It should also be recognized that wherein in a preferred embodiment the first conductive metal and the third conductive metal are similar and are formed from chromel, many other different conductive metals may be used in their place in order for the heat flux meter to operate. It is only necessary that the conductive metals on either side of cylinder 34 be different or dissimilar from the second conductive metal which forms the second hollow cylinder 34. The metals which form these cylinders 32, 34, 35 should typically be selected so as to generate the highest EMF vs. a given change in temperature.

Terminals 27A, 27B which form a portion of the electrical connection means 26 (FIG. 2) are shown operatively contacting the first hollow cylinder 32 and the third hollow cylinder 35, respectively, and in combination with the other elements of the electrical connections means 26 are capable of placing the first hollow cylinder 32 and the third hollow cylinder 35 in electrical communication with heat flux indicator instrument 20 (FIG. 1).

As can be seen in viewing FIG. 4 a flow opening 25 is defined by the inner diameter of the third hollow cylinder 35 through the center of the cylinder 35, the flow opening 25 being located in a preferred embodiment concentric to the central longitudinal axis 22 of the heat exchanger tube 11 (FIG. 2). Since no insulation is required between the cylinders 32, 34, 35 the frontal cross sectional area presented as a restriction to any flow through the flow opening 25 is minimized, which thereby results in a minimum disruption to the normal heat transfer mechanisms between the tube 11 and the feed water 14 (FIG. 1).

Referring now to FIG. 5, a heat flux meter 16C is shown positioned within a particular heat exchanger tube 11. Unlike the heat exchanger 10 shown in FIG. 1, however, the heat exchanger tubes 11 are shown connected to one another by a membrane wall 37, one side of the wall 37 typically exposed to the heat source 38, the other relatively cooler side 39 of the membrane wall 37 being the side upon which the leads 28A and 28B connected to the heat flux meter 16C are passed through pressure fitting 18. Selective location of terminals 27A, 27B defines a particular heat flux measurement viewing area 40. In other words, selective orientation of terminals 27A, 27B may be used to selectively orientate the preferred area of measurement of the heat flux from a particular heat source 38, a feature that is not available in most other thermocouples.

Referring now to FIGS. 6, 6A, 7, and 7A, the heat flux meter 16 may be assembled within a portion of the heat exchanger tube 11 by several processes.

For example, the heat flux meter 16D as shown in FIG. 6 may be operatively contacted or laminated together outside of the heat exchange tube 11 (FIG. 6A), by diffusion welding the inner diameter of the first hollow cylinder 32 and the outer diameter of the third hollow cylinder 35 to the outer diameter and the inner diameter respectively of the second hollow cylinder 34.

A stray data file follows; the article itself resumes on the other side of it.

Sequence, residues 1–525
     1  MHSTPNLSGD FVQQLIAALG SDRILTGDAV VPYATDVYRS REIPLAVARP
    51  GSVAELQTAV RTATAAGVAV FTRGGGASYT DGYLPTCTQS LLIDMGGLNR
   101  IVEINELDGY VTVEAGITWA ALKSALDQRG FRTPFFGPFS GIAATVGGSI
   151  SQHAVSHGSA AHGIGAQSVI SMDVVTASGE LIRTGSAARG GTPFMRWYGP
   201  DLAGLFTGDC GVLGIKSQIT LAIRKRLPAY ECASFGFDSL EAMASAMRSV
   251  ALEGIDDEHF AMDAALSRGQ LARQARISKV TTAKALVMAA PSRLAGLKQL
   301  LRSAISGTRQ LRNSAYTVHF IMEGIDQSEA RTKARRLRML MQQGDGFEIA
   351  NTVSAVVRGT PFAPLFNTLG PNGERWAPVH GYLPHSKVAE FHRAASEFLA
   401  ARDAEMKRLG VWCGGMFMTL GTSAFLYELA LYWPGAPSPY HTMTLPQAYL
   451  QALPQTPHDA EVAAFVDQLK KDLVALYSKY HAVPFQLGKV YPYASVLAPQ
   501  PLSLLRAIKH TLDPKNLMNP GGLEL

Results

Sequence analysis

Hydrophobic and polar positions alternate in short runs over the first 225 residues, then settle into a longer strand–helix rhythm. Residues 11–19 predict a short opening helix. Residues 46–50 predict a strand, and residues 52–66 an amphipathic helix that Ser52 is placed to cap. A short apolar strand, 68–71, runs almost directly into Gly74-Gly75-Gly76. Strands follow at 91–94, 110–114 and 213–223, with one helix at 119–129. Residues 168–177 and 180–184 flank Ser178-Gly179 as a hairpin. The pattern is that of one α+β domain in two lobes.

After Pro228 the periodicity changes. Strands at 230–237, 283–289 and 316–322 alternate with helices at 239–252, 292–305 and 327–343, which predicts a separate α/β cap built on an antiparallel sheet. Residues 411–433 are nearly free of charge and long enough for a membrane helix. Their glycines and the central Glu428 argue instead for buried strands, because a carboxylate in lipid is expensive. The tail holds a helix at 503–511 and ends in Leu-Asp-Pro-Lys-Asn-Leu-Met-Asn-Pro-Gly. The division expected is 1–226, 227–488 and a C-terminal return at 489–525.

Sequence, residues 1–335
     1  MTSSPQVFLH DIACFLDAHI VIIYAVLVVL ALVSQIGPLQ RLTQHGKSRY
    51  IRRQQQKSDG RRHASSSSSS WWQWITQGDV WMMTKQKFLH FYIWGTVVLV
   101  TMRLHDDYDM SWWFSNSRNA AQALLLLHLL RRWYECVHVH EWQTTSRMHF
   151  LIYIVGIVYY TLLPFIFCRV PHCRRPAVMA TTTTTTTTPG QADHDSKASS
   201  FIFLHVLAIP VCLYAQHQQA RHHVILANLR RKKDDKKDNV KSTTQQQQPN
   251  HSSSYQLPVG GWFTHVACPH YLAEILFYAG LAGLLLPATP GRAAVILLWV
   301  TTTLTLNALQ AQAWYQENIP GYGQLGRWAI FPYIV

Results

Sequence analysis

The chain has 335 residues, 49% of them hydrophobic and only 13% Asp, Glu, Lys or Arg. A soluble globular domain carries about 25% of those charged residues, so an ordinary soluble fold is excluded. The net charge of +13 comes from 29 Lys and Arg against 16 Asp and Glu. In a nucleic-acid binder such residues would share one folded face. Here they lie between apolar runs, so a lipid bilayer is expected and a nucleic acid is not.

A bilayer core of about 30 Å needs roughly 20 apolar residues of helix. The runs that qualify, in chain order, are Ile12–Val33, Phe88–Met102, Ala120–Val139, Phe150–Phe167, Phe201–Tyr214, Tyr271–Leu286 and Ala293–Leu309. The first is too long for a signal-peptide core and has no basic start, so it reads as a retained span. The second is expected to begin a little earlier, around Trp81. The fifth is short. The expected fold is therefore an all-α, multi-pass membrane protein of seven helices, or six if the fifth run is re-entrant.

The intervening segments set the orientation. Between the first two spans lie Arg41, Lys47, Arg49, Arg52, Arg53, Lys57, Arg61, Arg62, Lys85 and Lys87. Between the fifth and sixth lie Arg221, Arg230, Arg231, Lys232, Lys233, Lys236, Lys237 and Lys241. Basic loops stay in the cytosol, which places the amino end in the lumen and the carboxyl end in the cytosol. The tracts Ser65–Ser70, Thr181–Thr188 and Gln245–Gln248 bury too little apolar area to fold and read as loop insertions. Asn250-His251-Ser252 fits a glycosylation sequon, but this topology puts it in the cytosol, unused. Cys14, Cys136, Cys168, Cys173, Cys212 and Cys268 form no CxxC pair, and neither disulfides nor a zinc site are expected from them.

In the diffusion welding process the metals to be joined are thoroughly cleaned and placed in intimate contact and maintained at a low pressure such as a vacuum while their temperature is raised. The temperature is selected so as to facilitate a very localized well defined bond to be developed by a diffusion process across the initial boundary by means well known to the art. The temperature to be used depends of course on the metals to be bonded together.

After the diffusion welding process is completed metal may be removed from the outer diameter of the first hollow cylinder 32 by use, for example, of a metal lathe in order to insure a slip fit between the inner wall 21 of the heat exchanger tube 11 and the outer diameter of the first hollow cylinder 32.

The assembled heat flux meter 16D may then be positioned within at least a portion of the heat exchanger tube 11. It is well recognized that the entire heat flux meter 16D need not be inserted wholly within the heat exchanger tube 11. In other words, a portion of the meter 16D may extend outward from the end of the tube 11. Once the meter 16D is positioned within at least a portion of the heat exchanger tube 11 at least a portion of the cylinders 32, 34, 35 may be radially expanded outward such as by the process of roll-swaging as shown in FIG. 6A utilizing rollers 41A, 41B which contact the inner diameter of the third hollow cylinder 35 and deform the entire heat flux meter 16D structure radially outward until the outer diameter of the first hollow cylinder 32 operatively contacts in a substantial manner the inner wall 21. Reviewing this process the heat flux meter 16D is initially assembled outside of the heat exchanger tube 11, positioned within the tube 11, and thereafter radially expanded outward in a manner to contact the outer portion of the heat flux meter 16D with the inner wall 21 of the heat exchanger tube 11.

Another process may be used to assemble the heat flux meter 16D. The layers 32, 34, 35 of the meter 16D may be brazed together. The entire meter 16D, after assembly by brazing, (or diffusion welding, swaging, etc.), may also be brazed to the inner wall 21 of the heat exchanger tube 11.

The brazing process involves introduction of a braze material in paste, or foil form to the surfaces of the heat flux meter 16D. The cylinders 32, 34, 35 may then be lightly swaged into place and then by induction heating or a similar heating process the brazing material may be melted. It is well recognized that many different brazing processes may be used depending upon the materials that are to be joined to one another. Braze materials may be obtained for this process from Handy and Harman Corp., 850-A Third Avenue, N.Y., NY 10022 or from Fusion Corporation, 4658 E 35th Street, Willoughby, Ohio 44094.